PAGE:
columnIt’s difficult to keep three concurrent literature classes from blending together in one’s mind. But this blending has brought a common theme to my attention (besides hundreds of pages of reading). Scattered throughout the pages of fiction is man’s search for meaning in suffering.

The ancient Greeks found an existential answer for life’s questions, believing the search for meaning to be the meaning. The Greek dramas of Sophocles display the belief that our power to suffer is an end in itself. Our own strength shows greatness, and greatness is to be satisfying.

This mindset was an easy way for the Greeks to resign themselves to never understanding the why behind the what. They taught themselves to value the experience for its own sake. The stories of Oedipus, Titus Andronicus and other great tragedies were inspired by this perspective on life. No answers are offered. The audience or reader is simply intended to walk away with gnosis — a mystical sort of self-knowledge.

Modern man isn’t much different from the Greek. Our gnosis is displayed not only in our literature and our paintings and our sculptures but also in our song lyrics and our films. People even get tattoos to display to others the stories of their lives and what has most deeply impacted them.

The times my heart is heaviest are the times I find myself producing pages of writing or sitting at the piano with a stack of plaintive arrangements, finding inspiration in the midst of the confusion or disappointments in life.

We find comfort simply in the expression of our soul. This expression can’t possibly be wrong, but it begins to feel so when the search becomes the answer. Looking for a way to interpret our struggles, we produce some of the most beautiful art in the history of mankind but, also, some of the ugliest.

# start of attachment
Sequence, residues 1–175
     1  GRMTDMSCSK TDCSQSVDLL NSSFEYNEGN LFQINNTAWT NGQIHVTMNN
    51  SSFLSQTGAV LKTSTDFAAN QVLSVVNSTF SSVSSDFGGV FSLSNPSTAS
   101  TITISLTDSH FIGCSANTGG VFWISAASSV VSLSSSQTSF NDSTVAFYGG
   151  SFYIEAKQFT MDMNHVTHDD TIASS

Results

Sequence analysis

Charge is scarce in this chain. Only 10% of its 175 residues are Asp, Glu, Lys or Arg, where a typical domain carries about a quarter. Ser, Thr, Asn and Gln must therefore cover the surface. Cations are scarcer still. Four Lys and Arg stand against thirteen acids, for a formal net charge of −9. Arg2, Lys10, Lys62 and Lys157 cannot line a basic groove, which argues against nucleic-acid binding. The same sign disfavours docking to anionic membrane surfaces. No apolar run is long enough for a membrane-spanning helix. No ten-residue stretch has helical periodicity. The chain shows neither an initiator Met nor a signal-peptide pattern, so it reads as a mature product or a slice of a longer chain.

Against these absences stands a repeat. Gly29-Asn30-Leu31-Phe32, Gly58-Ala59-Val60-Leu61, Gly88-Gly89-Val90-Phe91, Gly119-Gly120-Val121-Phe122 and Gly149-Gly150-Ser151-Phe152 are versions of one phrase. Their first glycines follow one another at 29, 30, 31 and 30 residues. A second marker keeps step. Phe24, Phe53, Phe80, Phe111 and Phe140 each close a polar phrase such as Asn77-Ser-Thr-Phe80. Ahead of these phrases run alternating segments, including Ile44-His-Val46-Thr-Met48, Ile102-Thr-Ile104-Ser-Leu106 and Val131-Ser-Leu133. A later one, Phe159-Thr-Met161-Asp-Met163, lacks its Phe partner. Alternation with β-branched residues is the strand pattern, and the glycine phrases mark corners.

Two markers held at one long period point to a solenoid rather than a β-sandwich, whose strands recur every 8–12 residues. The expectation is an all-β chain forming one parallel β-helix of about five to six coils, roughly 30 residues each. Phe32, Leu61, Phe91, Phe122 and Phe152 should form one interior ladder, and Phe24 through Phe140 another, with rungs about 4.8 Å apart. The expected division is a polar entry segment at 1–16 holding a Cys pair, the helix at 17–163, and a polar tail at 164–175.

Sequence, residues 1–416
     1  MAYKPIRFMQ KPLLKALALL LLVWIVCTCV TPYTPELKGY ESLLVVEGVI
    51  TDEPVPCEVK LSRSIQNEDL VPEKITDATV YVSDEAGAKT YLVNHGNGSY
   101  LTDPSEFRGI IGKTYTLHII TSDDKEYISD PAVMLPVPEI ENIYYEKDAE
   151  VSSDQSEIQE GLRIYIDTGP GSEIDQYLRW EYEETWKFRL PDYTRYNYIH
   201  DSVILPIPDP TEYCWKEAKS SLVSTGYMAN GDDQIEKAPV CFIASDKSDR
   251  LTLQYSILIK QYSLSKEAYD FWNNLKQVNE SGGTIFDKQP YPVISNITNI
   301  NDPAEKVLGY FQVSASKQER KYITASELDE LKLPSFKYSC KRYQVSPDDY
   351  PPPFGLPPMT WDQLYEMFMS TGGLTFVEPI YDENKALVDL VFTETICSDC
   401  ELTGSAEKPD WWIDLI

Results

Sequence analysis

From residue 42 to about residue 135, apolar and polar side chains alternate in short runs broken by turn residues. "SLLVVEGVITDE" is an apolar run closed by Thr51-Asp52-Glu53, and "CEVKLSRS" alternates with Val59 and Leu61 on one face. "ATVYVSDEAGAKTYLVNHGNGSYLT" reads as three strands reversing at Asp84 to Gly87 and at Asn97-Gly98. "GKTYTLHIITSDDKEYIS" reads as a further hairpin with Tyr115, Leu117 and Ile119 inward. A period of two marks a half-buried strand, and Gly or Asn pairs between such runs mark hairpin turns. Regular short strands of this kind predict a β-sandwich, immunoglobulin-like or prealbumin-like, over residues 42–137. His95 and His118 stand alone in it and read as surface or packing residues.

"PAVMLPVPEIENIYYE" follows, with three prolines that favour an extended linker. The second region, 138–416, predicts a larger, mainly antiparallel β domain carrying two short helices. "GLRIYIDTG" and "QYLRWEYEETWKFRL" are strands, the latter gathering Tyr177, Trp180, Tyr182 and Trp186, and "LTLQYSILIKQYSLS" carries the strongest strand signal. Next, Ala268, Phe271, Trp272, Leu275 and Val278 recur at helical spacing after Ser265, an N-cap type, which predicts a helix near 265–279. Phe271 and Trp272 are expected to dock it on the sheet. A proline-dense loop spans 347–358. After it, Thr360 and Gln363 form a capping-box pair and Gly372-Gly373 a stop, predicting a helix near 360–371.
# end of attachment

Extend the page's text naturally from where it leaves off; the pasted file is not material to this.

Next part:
But perhaps the most helpful illustration of meaning in the midst of suffering has been the revelations of the Creator in the book of Job. These revelations don’t answer all of our questions either. But they do show glimpses. The beauty in creation and the power behind it proves that there is someone who knows more than we do.

A personal God knows and is wonderfully present. And the knowledge that there is someone who knows more than me makes all the difference.

So unlike the ancient Greeks, I don’t have to rely on my own ability to “suck it up.” I have real hope. I can still write and play, and artists can still create and express. We can still mourn and question, but by accepting God’s comfort and bowing to God’s sovereignty, man has a greater chance of displaying his struggles not only honestly but beautifully.